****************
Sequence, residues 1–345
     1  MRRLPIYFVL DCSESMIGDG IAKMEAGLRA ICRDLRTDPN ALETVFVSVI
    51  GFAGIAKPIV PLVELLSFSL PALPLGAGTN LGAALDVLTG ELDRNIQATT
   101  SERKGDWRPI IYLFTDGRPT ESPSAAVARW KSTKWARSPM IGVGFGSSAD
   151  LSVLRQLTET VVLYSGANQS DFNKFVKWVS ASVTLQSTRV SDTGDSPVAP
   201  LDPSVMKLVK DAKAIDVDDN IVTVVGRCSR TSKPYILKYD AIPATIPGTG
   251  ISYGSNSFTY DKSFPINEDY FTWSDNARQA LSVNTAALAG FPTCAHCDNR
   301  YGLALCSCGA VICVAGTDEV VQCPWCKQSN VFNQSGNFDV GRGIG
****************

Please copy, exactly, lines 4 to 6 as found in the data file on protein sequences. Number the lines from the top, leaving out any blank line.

   101  SERKGDWRPI IYLFTDGRPT ESPSAAVARW KSTKWARSPM IGVGFGSSAD
   151  LSVLRQLTET VVLYSGANQS DFNKFVKWVS ASVTLQSTRV SDTGDSPVAP
   201  LDPSVMKLVK DAKAIDVDDN IVTVVGRCSR TSKPYILKYD AIPATIPGTG